We describe IrisBot, a conversational agent that aims to help a customer be informed about the world around them, while being entertained and engaged. Our bot attempts to incorporate real-time search, informed advice, and latest news recommendation into a coherent conversation. IrisBot can already track information on the latest topics and opinions from News, Sports, and Entertainment and some specialized domains. The key technical innovations of IrisBot are novel algorithms for contextualized classification of the topic and intent of the user’s utterances, modular ranking of potential responses, and personalized topic suggestions. Our preliminary experimental results based on overall customer experience ratings and A/B testing analysis, focus on understanding the contribution of both algorithmic and surface presentation features. We also suggest promising directions for continued research, primarily focusing on increasing the coverage of topics for in-depth domain understanding, further personalizing the conversation experience, and making the conversation interesting and novel for returning customers.


Ali Ahmadvand, Ingyu (Jason) Choi, Harshita Sahijwani, Justus Schmidt, Mingyang Sun, Sergey Volokhin, Zihao Wangy, Eugene Agichtein

KTH Royal Institute of Technology - Fantom

A Crowdsourced Social Chatbot using an Evolving Dialog Graph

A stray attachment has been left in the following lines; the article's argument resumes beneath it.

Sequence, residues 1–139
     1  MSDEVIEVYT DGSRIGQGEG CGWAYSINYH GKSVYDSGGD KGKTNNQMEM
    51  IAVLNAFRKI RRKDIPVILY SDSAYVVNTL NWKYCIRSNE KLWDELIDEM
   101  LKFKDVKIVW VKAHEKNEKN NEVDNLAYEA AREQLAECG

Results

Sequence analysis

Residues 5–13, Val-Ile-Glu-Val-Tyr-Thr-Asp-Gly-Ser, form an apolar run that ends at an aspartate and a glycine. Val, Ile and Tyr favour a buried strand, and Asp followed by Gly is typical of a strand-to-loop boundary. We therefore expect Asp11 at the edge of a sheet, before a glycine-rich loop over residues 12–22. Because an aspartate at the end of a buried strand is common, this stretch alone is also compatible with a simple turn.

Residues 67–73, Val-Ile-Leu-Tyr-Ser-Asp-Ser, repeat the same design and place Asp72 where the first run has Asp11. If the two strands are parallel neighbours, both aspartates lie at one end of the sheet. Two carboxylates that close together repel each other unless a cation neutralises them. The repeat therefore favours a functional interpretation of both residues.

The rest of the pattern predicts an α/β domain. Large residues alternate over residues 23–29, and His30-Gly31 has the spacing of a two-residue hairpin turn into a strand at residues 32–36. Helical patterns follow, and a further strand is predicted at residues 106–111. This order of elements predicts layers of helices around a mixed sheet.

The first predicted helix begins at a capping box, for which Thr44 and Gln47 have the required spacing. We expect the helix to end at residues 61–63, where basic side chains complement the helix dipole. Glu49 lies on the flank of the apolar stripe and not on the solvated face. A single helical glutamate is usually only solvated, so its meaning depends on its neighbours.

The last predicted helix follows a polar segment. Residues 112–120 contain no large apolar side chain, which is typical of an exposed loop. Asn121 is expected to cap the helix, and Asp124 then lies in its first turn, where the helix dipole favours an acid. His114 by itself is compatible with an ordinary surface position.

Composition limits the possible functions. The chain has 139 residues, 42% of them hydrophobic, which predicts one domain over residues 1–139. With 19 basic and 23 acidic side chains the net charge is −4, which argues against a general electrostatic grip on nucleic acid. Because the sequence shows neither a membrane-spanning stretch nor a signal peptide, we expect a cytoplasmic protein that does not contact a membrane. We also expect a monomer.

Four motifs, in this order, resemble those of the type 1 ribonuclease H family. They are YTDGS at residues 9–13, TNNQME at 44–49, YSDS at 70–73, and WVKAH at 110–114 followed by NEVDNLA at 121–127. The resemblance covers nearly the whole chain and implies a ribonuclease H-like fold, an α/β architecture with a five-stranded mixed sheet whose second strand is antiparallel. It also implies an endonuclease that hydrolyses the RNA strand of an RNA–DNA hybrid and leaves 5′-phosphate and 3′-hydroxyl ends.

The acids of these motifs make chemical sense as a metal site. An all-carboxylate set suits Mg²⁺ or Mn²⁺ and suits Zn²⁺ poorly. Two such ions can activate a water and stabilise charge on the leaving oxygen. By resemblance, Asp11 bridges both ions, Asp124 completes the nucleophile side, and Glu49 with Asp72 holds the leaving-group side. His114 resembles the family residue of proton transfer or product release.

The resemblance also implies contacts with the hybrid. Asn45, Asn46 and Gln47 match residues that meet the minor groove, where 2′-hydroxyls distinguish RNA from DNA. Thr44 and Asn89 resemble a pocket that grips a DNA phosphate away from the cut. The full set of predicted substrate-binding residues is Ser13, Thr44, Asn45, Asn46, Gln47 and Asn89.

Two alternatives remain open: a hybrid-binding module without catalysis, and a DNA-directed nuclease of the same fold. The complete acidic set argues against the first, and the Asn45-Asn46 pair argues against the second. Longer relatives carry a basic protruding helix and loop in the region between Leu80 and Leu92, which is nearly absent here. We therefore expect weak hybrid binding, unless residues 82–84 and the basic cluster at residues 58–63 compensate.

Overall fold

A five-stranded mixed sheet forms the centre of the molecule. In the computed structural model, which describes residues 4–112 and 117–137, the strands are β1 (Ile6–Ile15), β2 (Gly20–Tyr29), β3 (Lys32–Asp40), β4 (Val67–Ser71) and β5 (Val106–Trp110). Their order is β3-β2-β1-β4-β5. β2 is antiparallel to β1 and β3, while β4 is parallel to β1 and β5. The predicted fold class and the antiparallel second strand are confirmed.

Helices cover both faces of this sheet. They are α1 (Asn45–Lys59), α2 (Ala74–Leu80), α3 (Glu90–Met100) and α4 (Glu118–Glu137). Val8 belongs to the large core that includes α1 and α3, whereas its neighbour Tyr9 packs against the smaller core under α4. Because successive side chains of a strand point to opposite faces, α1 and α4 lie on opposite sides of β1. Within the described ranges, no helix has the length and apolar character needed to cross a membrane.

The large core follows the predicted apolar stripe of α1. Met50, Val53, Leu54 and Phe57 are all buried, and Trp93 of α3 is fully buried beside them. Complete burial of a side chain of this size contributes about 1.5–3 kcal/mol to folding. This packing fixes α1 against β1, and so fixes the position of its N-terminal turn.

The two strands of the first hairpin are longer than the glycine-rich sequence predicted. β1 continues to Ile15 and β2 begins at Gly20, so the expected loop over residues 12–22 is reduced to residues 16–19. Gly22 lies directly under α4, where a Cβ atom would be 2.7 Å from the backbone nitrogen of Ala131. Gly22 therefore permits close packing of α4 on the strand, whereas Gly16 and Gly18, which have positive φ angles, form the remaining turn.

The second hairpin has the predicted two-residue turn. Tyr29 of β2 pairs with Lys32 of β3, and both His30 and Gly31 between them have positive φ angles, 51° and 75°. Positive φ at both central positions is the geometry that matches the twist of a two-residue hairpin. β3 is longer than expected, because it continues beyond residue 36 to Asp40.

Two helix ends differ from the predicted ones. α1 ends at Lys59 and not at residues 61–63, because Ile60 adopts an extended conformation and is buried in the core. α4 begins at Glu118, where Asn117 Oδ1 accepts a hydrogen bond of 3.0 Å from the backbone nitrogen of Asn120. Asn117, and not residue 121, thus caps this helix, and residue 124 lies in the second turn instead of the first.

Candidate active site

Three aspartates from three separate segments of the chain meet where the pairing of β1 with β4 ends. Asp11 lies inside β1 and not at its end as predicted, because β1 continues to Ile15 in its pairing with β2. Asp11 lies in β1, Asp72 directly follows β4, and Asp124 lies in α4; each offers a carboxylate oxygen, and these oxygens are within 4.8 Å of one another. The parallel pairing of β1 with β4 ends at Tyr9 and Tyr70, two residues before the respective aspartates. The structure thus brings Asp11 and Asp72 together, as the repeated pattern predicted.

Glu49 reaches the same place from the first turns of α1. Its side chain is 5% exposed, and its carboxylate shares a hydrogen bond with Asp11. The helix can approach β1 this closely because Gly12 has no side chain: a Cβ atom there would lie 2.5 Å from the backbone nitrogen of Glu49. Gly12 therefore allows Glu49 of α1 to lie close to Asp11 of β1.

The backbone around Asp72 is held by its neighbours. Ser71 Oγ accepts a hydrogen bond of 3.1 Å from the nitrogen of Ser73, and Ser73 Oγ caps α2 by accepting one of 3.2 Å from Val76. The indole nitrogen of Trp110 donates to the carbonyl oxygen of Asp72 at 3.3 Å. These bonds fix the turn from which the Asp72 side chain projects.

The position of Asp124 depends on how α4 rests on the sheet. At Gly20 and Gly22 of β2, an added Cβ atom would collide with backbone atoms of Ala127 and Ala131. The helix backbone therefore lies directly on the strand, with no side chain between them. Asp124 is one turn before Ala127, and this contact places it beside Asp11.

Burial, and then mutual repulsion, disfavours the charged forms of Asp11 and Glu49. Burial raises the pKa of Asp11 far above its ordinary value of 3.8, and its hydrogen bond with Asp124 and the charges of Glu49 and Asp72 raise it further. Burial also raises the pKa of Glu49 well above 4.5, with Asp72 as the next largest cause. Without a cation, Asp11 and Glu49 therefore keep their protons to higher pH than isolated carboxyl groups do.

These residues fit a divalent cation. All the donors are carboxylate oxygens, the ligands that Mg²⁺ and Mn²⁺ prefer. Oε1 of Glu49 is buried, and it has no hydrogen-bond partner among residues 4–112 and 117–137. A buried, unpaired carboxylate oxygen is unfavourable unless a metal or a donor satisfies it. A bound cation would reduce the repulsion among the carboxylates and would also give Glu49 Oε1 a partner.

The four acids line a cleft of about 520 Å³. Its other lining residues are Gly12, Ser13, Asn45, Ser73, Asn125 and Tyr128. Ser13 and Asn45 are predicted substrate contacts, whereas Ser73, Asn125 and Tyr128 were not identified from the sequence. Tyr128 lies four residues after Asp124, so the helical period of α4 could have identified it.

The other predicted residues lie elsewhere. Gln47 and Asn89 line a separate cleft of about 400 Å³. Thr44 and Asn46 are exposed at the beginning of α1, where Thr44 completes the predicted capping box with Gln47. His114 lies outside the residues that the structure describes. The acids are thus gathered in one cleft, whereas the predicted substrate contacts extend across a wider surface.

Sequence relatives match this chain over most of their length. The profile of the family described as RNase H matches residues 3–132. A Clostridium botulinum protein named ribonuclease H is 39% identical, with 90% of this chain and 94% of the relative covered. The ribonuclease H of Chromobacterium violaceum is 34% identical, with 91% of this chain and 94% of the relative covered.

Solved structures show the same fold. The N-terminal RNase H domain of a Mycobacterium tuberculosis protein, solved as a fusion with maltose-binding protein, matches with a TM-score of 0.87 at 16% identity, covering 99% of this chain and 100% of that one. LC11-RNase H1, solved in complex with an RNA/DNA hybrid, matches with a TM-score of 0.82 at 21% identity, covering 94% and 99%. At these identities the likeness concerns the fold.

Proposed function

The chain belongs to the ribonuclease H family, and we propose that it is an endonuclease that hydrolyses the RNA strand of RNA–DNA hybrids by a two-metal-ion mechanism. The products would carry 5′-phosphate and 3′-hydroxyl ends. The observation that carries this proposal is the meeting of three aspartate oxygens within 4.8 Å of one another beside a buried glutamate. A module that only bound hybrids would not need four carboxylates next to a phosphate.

In this paper we present Fantom, a social chatbot competing in the Amazon Alexa Prize 2018. The system uses a dialog graph for retrieving an approximation of the current dialog context in order to find suitable response candidates in this context. The graph is gradually built using user utterances from actual interactions, and system responses suggested by crowd workers. To this end, we developed an automatic system for finding dialog contexts that were often visited but lacked system responses in order to automatically post tasks on Amazon Mechanical Turk. Workers could see a brief excerpt of past conversation history and were asked to suggest a good response, based on a description of the system’s persona and a set of rules that would help foster more engaging conversations. Our main contributions are 1) describing the use of a graph-based approach for context modeling, 2) techniques used in order to make the crowd workers author good content, and 3) discussion of learning outcomes from the Alexa Prize challenge.